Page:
In popular culture the best-known example is probably Erwin Schrödinger’s famous thought experiment in which a cat in a fiendishly designed box is suspended in a mixed dead/alive state; the cat’s fate is only resolved by the process of observation. Other examples include the idea of wave-particle duality, Heisenberg’s uncertainty principle, and ‘spooky action at a distance’. World Cup-winning rugby player Jonny Wilkinson is only the latest author to claim a link between quantum mechanics and one form or another of Eastern mysticism.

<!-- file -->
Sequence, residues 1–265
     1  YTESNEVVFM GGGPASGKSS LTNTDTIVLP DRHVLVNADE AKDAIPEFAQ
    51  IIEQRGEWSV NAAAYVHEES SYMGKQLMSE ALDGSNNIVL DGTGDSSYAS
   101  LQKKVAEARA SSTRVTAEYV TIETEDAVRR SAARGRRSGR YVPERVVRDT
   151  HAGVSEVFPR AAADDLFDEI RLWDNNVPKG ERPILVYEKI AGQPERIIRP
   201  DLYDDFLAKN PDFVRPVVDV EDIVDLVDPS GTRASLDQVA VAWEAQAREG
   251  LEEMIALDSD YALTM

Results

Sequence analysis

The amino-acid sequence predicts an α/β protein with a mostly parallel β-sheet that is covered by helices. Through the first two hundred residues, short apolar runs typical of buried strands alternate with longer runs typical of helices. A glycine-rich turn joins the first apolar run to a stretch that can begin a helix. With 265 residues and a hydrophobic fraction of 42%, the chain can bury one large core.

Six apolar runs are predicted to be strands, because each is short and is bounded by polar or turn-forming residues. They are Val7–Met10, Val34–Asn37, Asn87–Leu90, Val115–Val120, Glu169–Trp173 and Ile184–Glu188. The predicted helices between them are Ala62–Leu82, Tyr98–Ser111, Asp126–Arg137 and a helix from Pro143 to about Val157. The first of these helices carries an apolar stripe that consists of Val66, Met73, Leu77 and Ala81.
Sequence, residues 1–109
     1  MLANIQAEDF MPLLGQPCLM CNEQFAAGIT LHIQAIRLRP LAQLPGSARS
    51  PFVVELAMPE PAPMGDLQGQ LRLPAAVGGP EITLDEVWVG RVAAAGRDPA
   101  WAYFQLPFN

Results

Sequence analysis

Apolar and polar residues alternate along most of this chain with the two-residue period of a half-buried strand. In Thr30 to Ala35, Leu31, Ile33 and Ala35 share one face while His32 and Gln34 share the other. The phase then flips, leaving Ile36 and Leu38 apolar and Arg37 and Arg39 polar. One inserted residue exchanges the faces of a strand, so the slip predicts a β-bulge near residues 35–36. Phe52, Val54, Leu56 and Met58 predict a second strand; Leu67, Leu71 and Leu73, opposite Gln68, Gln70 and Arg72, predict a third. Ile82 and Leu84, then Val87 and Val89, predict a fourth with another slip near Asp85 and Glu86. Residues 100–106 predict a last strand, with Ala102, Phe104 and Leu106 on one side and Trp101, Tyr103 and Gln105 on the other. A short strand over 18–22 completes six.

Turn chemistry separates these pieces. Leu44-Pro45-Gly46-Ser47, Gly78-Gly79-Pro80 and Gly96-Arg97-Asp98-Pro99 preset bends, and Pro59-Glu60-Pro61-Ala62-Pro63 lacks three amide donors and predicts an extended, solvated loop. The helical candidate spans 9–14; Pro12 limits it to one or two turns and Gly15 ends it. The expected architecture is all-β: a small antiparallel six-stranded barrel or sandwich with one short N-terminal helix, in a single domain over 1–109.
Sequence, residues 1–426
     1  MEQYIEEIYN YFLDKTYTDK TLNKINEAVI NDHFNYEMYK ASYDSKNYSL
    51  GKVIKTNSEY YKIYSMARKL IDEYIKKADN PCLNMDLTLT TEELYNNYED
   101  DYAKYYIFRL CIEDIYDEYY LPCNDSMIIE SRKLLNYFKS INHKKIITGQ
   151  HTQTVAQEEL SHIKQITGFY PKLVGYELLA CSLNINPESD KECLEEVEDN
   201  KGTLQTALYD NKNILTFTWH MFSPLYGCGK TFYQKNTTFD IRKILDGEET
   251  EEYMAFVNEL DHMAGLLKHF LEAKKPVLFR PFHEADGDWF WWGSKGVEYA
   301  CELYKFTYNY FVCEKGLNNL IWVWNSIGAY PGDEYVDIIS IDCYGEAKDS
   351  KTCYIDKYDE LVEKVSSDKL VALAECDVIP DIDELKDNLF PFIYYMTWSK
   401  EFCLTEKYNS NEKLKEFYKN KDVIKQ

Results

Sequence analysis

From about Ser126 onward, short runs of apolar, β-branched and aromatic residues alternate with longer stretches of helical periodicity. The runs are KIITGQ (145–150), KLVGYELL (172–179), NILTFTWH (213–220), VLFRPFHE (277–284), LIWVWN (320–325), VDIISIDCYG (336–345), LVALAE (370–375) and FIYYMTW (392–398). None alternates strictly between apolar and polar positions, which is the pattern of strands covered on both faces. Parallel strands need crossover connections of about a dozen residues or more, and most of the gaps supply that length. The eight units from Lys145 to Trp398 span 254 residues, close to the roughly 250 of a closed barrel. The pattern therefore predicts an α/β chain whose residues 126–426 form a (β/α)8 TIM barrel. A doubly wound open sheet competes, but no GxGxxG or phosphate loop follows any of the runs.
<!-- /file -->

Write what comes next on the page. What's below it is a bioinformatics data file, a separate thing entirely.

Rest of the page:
Quantum weirdness is not rooted in popular misconceptions of the ideas of scientists – or not entirely so. The intriguing issue is that it is rooted in a highly influential interpretation of quantum mechanics, known as the Copenhagen Interpretation on account of the fact that the Danish Nobel Laureate Niels Bohr was central to its development. If you weren’t shocked by quantum theory, argued Bohr, you didn’t really understand it. And the most shocking thing for Albert Einstein and some other physicists was that Bohr believed quantum mechanics demanded the abandonment of the idea of an underlying quantum reality existing independently of the observer.
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